Western governments have cited the large-scale return of Afghan refugees from Pakistan and Iran as a key indicator of the success of the US-led military intervention in Afghanistan, and the subsequent Bonn Agreement. It has thus been hailed as a vote of confidence in Afghanistans interim, Western-sponsored government, and has been used to justify a more active return policy for Afghan refugees in Europe. In fact, the return was largely a result of a combination of duress and inducement. As European refugee organisations seek to challenge the policies of European governments and their adherence to international standards of refugee protection, it is important to take stock of the nature of the protection accorded the refugees who left Pakistan and Iran during 2002, and to consider the implications for the protection of Afghan refugees in Europe.
For rural Afghans, the Soviet military intervention in Afghanistan in December 1979 was an assault by a secular power on an Islamic nation. This assault imposed a religious duty on the population to migrate out of a secularised Afghanistan into countries where Islam still prevailed. Pakistan and Iran similarly saw their acceptance of these religious migrants, or muhajirin, as a religious duty. Iran, though a signatory to the 1951 Refugee Convention, did not regard the 2.9 million people who entered its territory as refugees within the terms of the Convention. Pakistan, which received more than three million Afghans, was not a signatory, so the question of whether these people were refugees under the Convention did not apply.
Thus, from the outset the refugees in Pakistan and Iran enjoyed no legal protection under the 1951 Convention, and their rights have remained tenuous ever since. To a degree, Iran has regularised the right of Afghans to live in Iran for specified temporary periods through registration and associated documentation. However, there have been gaps in this process, in which Afghans have felt extremely insecure. This insecurity has been compounded by arbitrary action by Iranian police, in which individual refugees, mostly young men, have been picked up, sent to detention centres and then deported. Their documentation has often simply been torn up. Iran has argued that it has faced a high level of illegal migration, in addition to the refugee flows arising from military and political developments in Afghanistan, and has needed to act firmly to deter this. It has also, quite reasonably, argued that it has taken on a far greater burden than any other state in accepting, at one point, 4.5m refugees from Afghanistan and Iraq, with very limited international financial support.
Until 1992, Pakistan received a reasonable level of financial resources to support the Afghan refugee population. In that year, almost a million went back to Afghanistan to mark the end of the jihad against the Soviet occupation. The ensuing mujahideen war, the Talibans advance and drought in 19982001 saw further outflows. Meanwhile, international assistance declined from 1992. This fuelled official and public hostility towards the refugees so that, finally, following the Talibans advance in the north-east of Afghanistan and the exodus of 170,000 people into Pakistan, the governments tolerance evaporated. UNHCR was not allowed to register the people pouring into a makeshift camp at Jalozai, precluding the provision of tents, food and other supplies. Following months of negotiations, Pakistan reluctantly agreed to allow the creation of new camps, but in remote areas some distance from the urban centres where work could be had.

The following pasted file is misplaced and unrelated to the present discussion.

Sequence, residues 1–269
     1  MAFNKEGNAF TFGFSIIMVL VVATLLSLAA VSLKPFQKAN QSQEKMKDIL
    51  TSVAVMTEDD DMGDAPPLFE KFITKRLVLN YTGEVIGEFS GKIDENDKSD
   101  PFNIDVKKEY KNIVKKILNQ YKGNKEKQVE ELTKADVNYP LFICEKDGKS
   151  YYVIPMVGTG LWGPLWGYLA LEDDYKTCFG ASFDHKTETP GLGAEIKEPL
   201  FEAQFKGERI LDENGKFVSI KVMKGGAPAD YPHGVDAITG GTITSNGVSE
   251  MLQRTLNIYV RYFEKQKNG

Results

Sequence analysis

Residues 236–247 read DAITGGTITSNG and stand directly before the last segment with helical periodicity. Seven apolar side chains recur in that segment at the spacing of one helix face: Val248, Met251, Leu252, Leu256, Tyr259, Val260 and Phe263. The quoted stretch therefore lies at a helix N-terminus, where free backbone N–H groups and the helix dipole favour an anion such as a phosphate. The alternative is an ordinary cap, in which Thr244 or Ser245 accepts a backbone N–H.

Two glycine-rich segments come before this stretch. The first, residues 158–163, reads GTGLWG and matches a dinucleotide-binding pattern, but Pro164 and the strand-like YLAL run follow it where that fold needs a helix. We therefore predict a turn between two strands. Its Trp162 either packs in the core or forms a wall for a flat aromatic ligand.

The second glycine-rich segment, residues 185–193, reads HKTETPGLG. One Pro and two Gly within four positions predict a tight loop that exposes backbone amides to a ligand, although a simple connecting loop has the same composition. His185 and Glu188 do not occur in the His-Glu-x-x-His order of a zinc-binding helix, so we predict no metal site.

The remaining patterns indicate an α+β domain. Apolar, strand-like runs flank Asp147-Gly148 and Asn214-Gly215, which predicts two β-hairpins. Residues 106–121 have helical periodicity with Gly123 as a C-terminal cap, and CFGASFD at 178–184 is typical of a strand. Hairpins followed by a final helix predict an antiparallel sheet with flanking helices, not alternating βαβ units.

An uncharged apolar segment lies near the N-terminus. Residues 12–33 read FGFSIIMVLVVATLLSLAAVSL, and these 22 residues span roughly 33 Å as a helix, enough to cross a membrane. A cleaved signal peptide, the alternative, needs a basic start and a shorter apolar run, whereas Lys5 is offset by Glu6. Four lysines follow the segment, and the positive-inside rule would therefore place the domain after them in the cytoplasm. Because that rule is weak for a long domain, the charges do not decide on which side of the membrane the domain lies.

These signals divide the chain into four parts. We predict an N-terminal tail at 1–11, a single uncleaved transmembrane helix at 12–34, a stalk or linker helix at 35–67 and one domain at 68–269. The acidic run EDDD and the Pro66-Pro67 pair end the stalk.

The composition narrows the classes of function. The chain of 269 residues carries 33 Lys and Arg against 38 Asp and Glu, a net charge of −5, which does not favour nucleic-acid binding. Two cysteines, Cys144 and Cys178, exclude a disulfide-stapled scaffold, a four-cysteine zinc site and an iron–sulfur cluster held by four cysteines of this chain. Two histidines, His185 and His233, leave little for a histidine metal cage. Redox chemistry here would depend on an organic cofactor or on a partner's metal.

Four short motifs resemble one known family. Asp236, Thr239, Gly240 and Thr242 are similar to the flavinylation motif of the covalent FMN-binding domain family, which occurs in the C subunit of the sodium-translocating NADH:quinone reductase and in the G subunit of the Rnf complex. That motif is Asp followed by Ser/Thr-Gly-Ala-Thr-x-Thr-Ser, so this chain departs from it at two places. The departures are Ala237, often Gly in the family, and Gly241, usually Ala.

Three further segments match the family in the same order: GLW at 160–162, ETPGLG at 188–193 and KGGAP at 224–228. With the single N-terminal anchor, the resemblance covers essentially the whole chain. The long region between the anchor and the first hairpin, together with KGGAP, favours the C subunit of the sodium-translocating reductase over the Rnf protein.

This approach dictated the response to the further outflow that occurred in the autumn of 2001, as a result of the US-led military intervention in Afghanistan. Pakistan thus permitted UNHCR to establish new camps in designated areas, but insecurity and difficult logistics made progress extremely slow. As a result, large numbers were held in makeshift waiting areas on the Afghan border, and tens of thousands had still not been processed when Pakistan finally stopped new registrations in March 2002, in the context of a repatriation agreement agreed with UNHCR and the Afghan government.
Following the establishment of the new, post-Taliban government at the end of 2001, assisted repatriation agreements were drawn up between UNHCR and the governments of Pakistan, Iran and Afghanistan. These provided for 400,000 people to return from each of Pakistan and Iran over the course of the year. However, by the end of 2002 a reported 1.5m Afghans in Pakistan had returned, along with 261,000 from Iran.
In September and October 2002, the Afghanistan Research and Evaluation Unit (AREU) commissioned a study looking at this return process. The study found that the reasons for return were far more complex than was being presented by the international community, and that refugees had returned to a situation which could barely sustain them. Thus, Iran had been placing steady pressure on Afghans to return, progressively withdrawing their entitlements to health and education services and penalising Iranians who employed Afghans. The Iranian police maintained a climate of fear, with arbitrary arrests and deportations of Afghans and the use of detention centres. The study found that, in 2001, the situation had been regularised, but that those without documentation had been left in an even more vulnerable situation. The Iranian government appears to have permitted a degree of inward illegal migration to meet periodic labour shortfalls in the construction industry, and for menial tasks such as refuse collection, while undertaking large-scale deportations when there was an economic downturn. In 2002, there was a sustained media campaign in which Afghans were advised that it was now time to return, that they would be provided with free transport to their home areas and that the UN would be there to assist them. Returnees were therefore aggrieved to find that UNHCR was making only a contribution to their transport costs, not meeting them in full, and that the UN could provide assistance only to a small fraction of the returnees, and that on a very limited scale.